Pegula supports the Buffalo Bills - fans need to do the same
New ownership of the Bills merits celebration, but not unequivocal acceptance
When the Bills stunned the Chicago Bears last Sunday, clinching an overtime victory and beating the team on its home turf, a question lingered: What would “home” soon mean for the Bills?
Now, thanks to Terry Pegula, Buffalo’s local billionaire, the city has its answer. The Bills aren’t going anywhere. Buffalo gets to keep its team, and Jon Bon Jovi, figurehead of Toronto’s bidders, can avoid becoming the most hated man in Buffalo.
Being a Bills fan is tough enough already. It’s been a decade since the team’s last winning season (and going 9-7 isn’t much too celebrate), 15 years since it reached the playoffs, and the memories of four consecutive Super Bowl losses have yet to fade from fans’ collective memories.
Anyone who has stood by the Bills after all that deserves a victory. It’s a far cry from a conference championship, but Pegula’s new ownership of the team is, at the very least, a win for the football fans of Buffalo.
But, of course, there’s more to Buffalo than football. And there’s plenty of people who could care less about the location of an NFL team – people who might be more concerned with Pegula’s financial priorities, or the origins of his vast wealth.
Pegula’s earned his $3.3 billion fortune in the energy industry. He created his own drilling company that uses the controversial method of fracking – hydraulic fracturing – to reach stores of gas and oil that were previously inaccessible. The obvious economic benefits are offset by dramatic environmental consequences, which range from water contamination, degradation of air quality and increases in seismic activity.
The practice of fracking is a hot-button issue that generates intense debate nationwide – and now the Bills are inextricably linked to the practice.
Although it’s beneficial to at least have an awareness of the financial background behind the Bills’ new patron and it’s certainly true that Pegula’s priorities will not satisfy Buffalo’s environmentalists.
But how about some context? Bill Bidwill inherited the Cardinals from his father, who has been linked with Al Capone. Jimmy Haslam, owner of the Browns, runs a company that sells diesel fuel at truck stops and is under federal investigation for shortchanging customers. Jerry Jones, of the Cowboys, Pat Bowlen, of the Broncos, Bud Adams, of the Titans – they all made their money in oil.
It’s unfortunate that the Bills aren’t owned by an environmental advocate or an icon of philanthropy. But drilling for oil tends to generate the kind of revenue that can buy a football team – the same can’t be said for attempting to stop the practice. And the first question asked of a prospective franchise-owner isn’t “is he virtuous?” but rather, “is he rich?”
“Rich” doesn’t even begin to describe the extent of Pegula’s financial resources. The depth of his pockets is better illustrated by his mammoth purchases and contributions: $1.4 billion to own the Bills, $189 million for the Buffalo Sabres, $170 million spent on the city’s HarborCenter hockey and hotel complex, as well as $88 million to his alma mater, Penn State, directed toward the launch of the school’s Division I hockey program and a new ice arena.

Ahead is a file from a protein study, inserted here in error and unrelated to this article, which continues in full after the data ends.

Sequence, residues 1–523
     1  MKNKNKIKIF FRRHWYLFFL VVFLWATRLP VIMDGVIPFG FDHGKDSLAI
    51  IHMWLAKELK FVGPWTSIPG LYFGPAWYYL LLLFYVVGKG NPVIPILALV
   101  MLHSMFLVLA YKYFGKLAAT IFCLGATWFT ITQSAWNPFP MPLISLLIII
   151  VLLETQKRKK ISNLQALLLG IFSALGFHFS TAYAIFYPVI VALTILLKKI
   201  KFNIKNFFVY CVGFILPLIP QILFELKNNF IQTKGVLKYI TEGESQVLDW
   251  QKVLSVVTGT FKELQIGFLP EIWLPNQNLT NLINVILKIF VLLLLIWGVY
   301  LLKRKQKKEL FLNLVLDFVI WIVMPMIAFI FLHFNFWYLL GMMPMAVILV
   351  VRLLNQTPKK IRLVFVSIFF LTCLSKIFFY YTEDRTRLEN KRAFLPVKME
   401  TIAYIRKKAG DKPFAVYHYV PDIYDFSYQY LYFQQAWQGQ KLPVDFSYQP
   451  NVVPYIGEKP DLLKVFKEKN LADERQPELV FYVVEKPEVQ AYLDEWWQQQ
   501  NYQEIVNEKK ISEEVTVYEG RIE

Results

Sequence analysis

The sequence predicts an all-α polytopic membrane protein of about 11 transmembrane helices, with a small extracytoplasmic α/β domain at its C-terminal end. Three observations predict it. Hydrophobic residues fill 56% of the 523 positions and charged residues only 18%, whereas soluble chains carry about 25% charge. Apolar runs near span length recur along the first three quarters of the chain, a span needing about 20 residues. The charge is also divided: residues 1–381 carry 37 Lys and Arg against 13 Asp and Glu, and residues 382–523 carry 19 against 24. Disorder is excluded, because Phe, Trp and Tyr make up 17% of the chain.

Pegula’s wealth is easily apparent, as are his priorities: sports. Sure, he’s saved Buffalo from athletic decline, but our schools need to be rescued, too. He can afford to fund a school’s hockey team, so it seems like he could chip in and save an arts program, or buy some school supplies for Buffalo’s many underprivileged students.
But ultimately, it’s his money. It’s not the state’s, it’s not the taxpayers’ – so as long as Pegula is reaching for his own wallet, he gets to decide where to put his cash. The prioritization of athletics over education is a nationwide issue that Pegula doesn’t deserve to symbolize.
Discussions of a new stadium, on the other hand, which would likely require some form of public support – such as higher taxes – brings the conversation of uneven priorities right back to the table. The community isn’t willing to support the arts and the school district struggles to fund vital assistance programs. A new, billion-dollar shrine to the toxic “athletics over all else” attitude should be out of the question.
Principles aside, practicality should reign supreme. More than $100 million has already been spent remodeling Ralph Wilson stadium, which also allows for one of the best tailgating experiences in the country and ensures that downtown Buffalo (the most likely location if a new stadium were to be built) isn’t tasked with a massive overhaul of public transportation and infrastructure. There’s already plenty to enjoy downtown – Buffalo doesn’t need a billion dollar cherry on top.
Bills fans should be grateful that their team is still nearby, competing in a newly renovated stadium that should serve as a multimillion-dollar reminder: The enthusiasm with which this new ownership has been greeted should be affirmed by ticket sales. It’s time for Buffalo’s football devotees to do their part. Pegula put out over a billion dollars, so cough up some cash, buy a ticket and help fill up the Ralph – for once – this year.